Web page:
Creating the Perfect Recipe – Why Chemistry Makes All the Difference at ACEO®

Florian Liesener tests mechanical properties in one of the labs (Photo: ACEO®; Wacker Chemie AG)

Chemistry is an essential part of 3D printing with silicones. As Materials Engineer, Dr. Florian Liesener develops silicones with manifold properties to meet the individual requirements of ACEO®‘s customers. In our interview we learn all about his passion for working with silicones and why his tasks are not so different from those of a gourmet chef.

Florian, can you tell us about your background in chemistry?

It all started with a coincidence: my chemistry teacher at school is the reason I work at ACEO® today. She was so inspiring and sparked my interest in the field, which made me sign up for chemistry at university. During my studies I focused on organic chemistry and spent six months in Cambridge for a research project. After my diploma I earned my doctorate degree in Berlin and Hannover in the field of the synthesis of biologically active materials. This way my starting point in medicinal chemistry.

How did you get from medicinal chemistry to working with silicones at ACEO®?

My career started in the pharmaceutical industry in Berlin with the synthesis of molecules for new pharmaceuticals. Your work can help to save lives, which is a great motivation to work in this field. But in the end, only a small fraction of what you do might go to market.

My current job at WACKER is the complete opposite of. When I joined the R&D department for silicone elastomers, my work suddenly had almost immediate market impact. That means all your research and testing eventually make a product come to life. Before joining the ACEO® team, I was responsible for the Product Line LSR/RTV, which was a perfect preparation for what I do today as Materials Engineer.

Can you give us some insights into how silicone elastomers are produced?

It all starts with quartz, which is transformed into silicon metal. The next step is the so-called Müller-Rochow synthesis, which turns the silicon metal into methylchlorosilanes which are then separated by distillation. One type of methylchlorosilanes , the dimethyldichlorosilane, is turned into oligomers when hydrolyzed with water. And these oligomers are the basis of all polydimethylsiloxanes (PDMS) – the main component of silicone elastomers. Only the fully cured product is referred to as silicone rubber, or as we say silicones.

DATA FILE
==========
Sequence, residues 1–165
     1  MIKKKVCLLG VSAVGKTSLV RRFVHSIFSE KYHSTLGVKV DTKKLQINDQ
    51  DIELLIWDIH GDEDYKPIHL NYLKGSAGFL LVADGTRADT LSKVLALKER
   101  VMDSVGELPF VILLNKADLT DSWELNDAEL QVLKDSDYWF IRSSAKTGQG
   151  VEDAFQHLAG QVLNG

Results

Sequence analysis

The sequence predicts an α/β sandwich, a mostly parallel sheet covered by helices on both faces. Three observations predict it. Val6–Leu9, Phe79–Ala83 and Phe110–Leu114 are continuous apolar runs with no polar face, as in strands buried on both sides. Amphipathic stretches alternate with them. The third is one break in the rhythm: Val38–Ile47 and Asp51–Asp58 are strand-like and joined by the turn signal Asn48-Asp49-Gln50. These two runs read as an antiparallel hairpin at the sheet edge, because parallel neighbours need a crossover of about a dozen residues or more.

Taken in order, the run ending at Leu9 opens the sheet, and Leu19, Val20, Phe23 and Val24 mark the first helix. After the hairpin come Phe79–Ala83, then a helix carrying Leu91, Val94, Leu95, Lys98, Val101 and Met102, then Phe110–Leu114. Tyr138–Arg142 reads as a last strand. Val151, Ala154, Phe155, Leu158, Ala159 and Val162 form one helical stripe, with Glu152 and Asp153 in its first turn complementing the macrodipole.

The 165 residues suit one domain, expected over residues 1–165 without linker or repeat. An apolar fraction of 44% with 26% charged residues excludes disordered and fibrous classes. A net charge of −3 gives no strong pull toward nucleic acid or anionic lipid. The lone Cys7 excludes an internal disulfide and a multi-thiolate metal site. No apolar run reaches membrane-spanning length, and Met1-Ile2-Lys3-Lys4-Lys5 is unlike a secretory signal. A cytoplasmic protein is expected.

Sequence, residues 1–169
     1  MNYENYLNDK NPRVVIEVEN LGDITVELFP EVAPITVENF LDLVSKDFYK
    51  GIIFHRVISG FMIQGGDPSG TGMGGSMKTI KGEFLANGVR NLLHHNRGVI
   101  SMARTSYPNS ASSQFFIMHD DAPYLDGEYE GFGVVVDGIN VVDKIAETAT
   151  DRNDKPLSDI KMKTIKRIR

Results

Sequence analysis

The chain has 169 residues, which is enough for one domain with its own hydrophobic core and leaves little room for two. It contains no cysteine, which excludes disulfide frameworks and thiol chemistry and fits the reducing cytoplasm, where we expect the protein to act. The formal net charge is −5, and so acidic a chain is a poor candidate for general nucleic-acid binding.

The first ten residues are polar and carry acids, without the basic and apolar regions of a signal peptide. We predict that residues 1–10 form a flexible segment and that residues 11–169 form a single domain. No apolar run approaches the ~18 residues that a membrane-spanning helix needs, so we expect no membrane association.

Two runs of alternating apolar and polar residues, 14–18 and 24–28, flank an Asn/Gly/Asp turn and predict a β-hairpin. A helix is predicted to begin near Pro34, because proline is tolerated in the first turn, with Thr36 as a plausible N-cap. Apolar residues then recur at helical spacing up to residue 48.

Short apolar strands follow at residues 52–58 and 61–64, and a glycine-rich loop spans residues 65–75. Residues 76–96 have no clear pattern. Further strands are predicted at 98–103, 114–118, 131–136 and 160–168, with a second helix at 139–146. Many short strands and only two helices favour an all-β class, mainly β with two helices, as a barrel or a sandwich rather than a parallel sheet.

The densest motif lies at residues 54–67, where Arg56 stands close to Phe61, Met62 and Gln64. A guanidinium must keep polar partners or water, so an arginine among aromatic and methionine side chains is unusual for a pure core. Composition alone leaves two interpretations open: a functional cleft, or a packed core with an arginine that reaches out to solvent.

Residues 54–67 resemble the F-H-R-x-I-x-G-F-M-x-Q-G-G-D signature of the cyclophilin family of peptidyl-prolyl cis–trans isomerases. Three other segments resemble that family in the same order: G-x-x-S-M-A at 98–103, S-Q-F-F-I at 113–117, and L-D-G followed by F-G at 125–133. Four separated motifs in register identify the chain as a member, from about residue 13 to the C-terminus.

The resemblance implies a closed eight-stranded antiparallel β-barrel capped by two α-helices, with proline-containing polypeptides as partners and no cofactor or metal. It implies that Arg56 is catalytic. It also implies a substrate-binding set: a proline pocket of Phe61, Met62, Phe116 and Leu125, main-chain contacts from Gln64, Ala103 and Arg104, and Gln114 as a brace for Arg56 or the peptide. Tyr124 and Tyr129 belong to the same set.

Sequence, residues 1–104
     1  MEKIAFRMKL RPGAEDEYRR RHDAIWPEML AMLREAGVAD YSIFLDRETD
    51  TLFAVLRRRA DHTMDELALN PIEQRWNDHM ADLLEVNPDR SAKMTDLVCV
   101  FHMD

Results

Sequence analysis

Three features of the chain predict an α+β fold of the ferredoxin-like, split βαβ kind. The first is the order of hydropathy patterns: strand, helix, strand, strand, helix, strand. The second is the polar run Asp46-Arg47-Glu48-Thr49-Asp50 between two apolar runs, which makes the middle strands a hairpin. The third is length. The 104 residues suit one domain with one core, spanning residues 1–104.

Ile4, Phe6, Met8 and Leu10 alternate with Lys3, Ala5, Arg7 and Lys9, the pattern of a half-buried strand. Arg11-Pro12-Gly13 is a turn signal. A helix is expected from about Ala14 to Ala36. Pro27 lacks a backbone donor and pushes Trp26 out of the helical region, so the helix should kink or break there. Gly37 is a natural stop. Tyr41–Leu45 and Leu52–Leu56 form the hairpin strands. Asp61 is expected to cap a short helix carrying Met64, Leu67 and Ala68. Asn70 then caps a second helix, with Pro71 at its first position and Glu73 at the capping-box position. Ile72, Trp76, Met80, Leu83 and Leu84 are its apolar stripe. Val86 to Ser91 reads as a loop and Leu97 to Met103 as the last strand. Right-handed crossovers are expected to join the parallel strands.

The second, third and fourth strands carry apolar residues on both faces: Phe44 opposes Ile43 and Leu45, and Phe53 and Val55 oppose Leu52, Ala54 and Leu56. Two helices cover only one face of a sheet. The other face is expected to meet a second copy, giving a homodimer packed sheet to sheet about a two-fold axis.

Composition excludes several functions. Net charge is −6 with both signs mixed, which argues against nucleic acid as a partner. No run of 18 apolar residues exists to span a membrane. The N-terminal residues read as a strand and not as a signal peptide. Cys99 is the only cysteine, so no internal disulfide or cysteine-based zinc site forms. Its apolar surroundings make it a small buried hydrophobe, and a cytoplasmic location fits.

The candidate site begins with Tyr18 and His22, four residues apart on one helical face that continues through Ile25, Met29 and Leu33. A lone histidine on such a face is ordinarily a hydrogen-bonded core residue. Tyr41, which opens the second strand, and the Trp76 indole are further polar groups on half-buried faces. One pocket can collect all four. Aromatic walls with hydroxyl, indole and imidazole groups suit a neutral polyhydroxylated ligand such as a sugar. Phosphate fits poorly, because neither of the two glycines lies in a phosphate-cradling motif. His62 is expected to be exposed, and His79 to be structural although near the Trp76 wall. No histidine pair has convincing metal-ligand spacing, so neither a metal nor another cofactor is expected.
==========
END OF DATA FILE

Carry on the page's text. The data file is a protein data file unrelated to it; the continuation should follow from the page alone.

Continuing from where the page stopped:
As materials engineer, my task is to create silicone elastomers with the properties that meet the needs of our customers and fit our printing process. You could probably compare this part of my job with creating a recipe: advising on the perfect ingredients and the way of preparing the food in order achieve a culinary experience.

How long did it take you to develop silicones that could be 3D printed? What were the challenges or milestones in this process?

It took the R&D team no longer than two years from idea to market, which is very fast for such a complex process. ACEO® does not only provide a specific product or material but a true system solution. We developed a material with manifold properties, a software to translate the final part geometry into voxels and a printer that can handle the consistence of uncured silicone rubber.

One major milestone of this package has been the development of the printing material. We had to ensure that its flowing behavior, the so-called rheological profile, is perfectly controlled. Thus single droplets, the voxels, can be created at the nozzle and a smooth surfaces can be formed when building up the 3D sample. The perfect voxel doesn’t show any splashing effect or unevenness but forms a perfect dome. This rheological profile is important for both the silicone and the water-soluble support material that helps us build up complex 3D structures. The latter is rinsed off easily after the printing process revealing overhangs, channels, or holes.

With all these challenges that mastered before going to market, I am very proud that my colleagues who were doing the R&D work were recently awarded the “Alexander Wacker Innovation Award” for their pioneering work. 

Apart from material development, what else is on your task list?

You can compare what I do with product management: My task is to oversee the supply chain and quality management on the material side. One part is to create the material so it can be 3D printed. Once the 3D printed part leaves the printer, it needs to be checked. If needed, support material is removed and it undergoes a final post-curing process to meet the requirements and strict regulations of e.g. medical and food applications. Another exciting part of my job is that for material topics I am the technical contact person for our customers. Furthermore, it is a great honor that I can also share my knowledge with customers and the scientific community. It was only very recently that I held a speech during the Additive Manufacturing Symposium at the Technical University of Dresden.

What would you consider the most striking feature of ACEO®?

We are the first on the market with a drop-on-demand technology for 3D printing silicones. That means for the first time, a real elastomer can be 3D printed and ordered in our online shop. This technology enables product designers to think outside pre-existing technical boundaries and rigid material structures and thus paves the way for many innovations to come.

 

 

How is silicone manufactured? Watch WACKER’s video.

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